When I first tried to read the books (I was probably about ten), I didn't get beyond page 11. (It's one of two books I ever put down; I never got back to the other one.) I've heard that the Dutch translation (that would be my native language) is poor, but I think it was mainly that I just didn't realize what kind of story this was. I was so used to having a good idea of what a book was about after just a few pages that when almost a dozen pages weren't sufficient, I gave up.

    I think the main 'trick' is to be patient and accept that the story unfolds at its own pace, and that there's plenty of good stuff along the way.

    ... Actually, I want to refine that analogy I gave above... You know how some theme parks have slow rides; perhaps a boat ride or something like Disneyland's Small World? It's like getting into one of those when you thought you were getting into a rollercoaster. (Without meaning to imply that LotR would be for kids and 'other books' for teens and adults, obviously.)

  11. #11
    Kind of the wrong forum to ask this on, but hey, I don't really like Tolkien's writing style at all. I'm attempting to read the Hobbit again and there's something... sterile about his writing that I don't like. It doesn't pull me in at all. Plus there's also how the writing is different because of when it's written, and me wishing that there's women in significant roles or maybe non-white but also non-evil characters.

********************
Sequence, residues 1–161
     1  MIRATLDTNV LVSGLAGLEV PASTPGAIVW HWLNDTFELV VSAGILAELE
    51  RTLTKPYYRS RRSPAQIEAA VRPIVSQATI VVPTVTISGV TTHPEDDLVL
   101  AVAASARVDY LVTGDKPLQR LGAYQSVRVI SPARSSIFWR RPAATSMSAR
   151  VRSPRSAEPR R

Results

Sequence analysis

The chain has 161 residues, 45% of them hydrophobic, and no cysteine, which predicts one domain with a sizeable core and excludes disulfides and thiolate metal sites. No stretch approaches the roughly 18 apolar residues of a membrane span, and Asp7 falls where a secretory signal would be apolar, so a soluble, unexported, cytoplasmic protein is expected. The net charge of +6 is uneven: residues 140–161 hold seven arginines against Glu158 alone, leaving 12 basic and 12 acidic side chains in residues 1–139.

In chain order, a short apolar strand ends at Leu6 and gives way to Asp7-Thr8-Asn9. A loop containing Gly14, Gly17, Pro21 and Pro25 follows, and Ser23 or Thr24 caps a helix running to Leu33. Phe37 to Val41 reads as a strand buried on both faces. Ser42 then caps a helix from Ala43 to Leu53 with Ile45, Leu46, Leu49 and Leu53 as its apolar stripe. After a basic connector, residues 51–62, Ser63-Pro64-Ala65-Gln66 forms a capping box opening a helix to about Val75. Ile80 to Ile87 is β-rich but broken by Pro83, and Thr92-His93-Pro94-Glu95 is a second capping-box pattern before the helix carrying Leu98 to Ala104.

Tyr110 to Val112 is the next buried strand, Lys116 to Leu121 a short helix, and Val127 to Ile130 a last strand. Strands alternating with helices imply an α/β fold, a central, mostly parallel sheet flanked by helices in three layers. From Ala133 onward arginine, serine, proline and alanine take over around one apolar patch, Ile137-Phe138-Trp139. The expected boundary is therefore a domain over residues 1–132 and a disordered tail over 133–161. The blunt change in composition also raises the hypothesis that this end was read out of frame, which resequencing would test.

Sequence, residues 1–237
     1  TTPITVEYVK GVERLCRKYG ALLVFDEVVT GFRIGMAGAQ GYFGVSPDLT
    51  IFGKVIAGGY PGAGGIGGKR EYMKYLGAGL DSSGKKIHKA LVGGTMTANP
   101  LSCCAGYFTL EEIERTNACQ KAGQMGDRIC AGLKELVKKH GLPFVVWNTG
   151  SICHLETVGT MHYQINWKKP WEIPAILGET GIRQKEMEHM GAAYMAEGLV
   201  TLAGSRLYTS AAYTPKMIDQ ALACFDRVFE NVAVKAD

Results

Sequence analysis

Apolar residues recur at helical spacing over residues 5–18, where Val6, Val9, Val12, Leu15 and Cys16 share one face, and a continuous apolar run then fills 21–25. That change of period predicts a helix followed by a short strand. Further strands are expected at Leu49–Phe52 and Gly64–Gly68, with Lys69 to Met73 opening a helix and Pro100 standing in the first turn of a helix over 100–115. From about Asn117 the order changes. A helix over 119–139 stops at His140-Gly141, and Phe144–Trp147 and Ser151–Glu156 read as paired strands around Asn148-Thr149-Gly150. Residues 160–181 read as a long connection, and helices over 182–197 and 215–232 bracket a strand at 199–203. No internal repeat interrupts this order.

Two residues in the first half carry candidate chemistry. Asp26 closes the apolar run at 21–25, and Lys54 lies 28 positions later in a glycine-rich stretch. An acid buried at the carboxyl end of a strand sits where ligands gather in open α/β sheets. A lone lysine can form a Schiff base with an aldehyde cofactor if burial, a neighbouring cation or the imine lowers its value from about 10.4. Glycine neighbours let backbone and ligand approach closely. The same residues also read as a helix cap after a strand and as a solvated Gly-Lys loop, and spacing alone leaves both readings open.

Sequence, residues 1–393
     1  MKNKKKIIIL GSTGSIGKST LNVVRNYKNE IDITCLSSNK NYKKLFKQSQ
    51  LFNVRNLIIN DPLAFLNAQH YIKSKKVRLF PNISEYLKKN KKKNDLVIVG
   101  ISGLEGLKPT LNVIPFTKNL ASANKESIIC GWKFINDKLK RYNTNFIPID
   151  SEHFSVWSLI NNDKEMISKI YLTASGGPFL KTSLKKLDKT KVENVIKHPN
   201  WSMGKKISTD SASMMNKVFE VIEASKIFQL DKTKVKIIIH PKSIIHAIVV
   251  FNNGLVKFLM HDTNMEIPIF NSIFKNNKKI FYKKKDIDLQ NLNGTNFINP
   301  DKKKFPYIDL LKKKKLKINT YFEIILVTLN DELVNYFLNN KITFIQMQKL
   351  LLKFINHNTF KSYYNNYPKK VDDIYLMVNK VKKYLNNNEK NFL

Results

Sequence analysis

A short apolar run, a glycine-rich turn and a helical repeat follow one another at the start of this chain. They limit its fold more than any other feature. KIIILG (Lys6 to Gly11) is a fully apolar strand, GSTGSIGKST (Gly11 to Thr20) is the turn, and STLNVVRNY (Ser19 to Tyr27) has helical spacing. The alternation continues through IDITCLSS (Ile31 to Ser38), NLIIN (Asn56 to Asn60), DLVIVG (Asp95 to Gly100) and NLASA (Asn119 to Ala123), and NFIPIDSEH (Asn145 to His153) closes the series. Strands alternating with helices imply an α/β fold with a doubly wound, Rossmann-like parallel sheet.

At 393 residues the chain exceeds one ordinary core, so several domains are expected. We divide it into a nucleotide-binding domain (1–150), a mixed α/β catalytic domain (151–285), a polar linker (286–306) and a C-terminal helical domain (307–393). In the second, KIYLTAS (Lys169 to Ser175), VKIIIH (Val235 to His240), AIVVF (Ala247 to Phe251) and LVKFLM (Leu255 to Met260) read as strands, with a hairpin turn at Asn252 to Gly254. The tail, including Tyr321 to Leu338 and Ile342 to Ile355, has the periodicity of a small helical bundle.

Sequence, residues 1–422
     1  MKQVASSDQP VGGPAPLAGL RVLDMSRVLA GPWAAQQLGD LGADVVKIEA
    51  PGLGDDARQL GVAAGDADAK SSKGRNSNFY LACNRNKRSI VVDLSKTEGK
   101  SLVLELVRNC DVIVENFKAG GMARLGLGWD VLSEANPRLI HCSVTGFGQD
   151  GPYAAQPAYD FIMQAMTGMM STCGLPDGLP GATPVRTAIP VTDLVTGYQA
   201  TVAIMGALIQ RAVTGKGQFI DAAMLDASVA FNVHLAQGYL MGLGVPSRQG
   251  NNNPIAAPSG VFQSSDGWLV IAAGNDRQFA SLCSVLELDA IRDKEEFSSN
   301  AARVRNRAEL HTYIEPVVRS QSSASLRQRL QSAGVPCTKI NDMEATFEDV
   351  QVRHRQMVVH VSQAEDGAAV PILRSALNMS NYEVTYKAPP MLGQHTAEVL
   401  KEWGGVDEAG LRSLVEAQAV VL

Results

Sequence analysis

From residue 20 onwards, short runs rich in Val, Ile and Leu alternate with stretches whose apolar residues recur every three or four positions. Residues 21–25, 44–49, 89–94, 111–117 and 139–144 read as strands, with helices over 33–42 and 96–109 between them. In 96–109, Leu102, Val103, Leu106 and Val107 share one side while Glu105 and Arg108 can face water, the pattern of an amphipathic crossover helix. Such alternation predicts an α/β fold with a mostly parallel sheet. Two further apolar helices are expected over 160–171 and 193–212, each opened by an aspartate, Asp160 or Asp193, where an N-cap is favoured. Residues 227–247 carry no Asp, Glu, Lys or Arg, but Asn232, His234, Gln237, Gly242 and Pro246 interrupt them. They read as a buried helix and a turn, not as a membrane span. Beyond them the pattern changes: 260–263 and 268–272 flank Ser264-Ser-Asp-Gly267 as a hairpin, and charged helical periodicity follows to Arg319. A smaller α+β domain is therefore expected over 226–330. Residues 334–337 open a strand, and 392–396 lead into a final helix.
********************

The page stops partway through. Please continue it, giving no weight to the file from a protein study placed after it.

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  12. #12
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    Quote Originally Posted by chieth View Post
    Kind of the wrong forum to ask this on, but hey, I don't really like Tolkien's writing style at all. I'm attempting to read the Hobbit again and there's something... sterile about his writing that I don't like. It doesn't pull me in at all. Plus there's also how the writing is different because of when it's written, and me wishing that there's women in significant roles or maybe non-white but also non-evil characters.

    Political Correctness did not exist in 1937. And also, there are no non white characters because The Hobbit and LOTR is like European Mythology. I said "is like" because I am not sure if his works are based on European Mythology.

    As for as women goes, The Hobbit is about 14 DUDES going on an adventure.
    Life is not a journey to the grave with the intention of arriving safely in a well preserved body, but rather to skid in broadside, totally worn out & proclaiming "WOW, what a ride!"
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  13. #13
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    Quote Originally Posted by chieth View Post
    Kind of the wrong forum to ask this on, but hey, I don't really like Tolkien's writing style at all. I'm attempting to read the Hobbit again and there's something... sterile about his writing that I don't like. It doesn't pull me in at all. Plus there's also how the writing is different because of when it's written, and me wishing that there's women in significant roles or maybe non-white but also non-evil characters.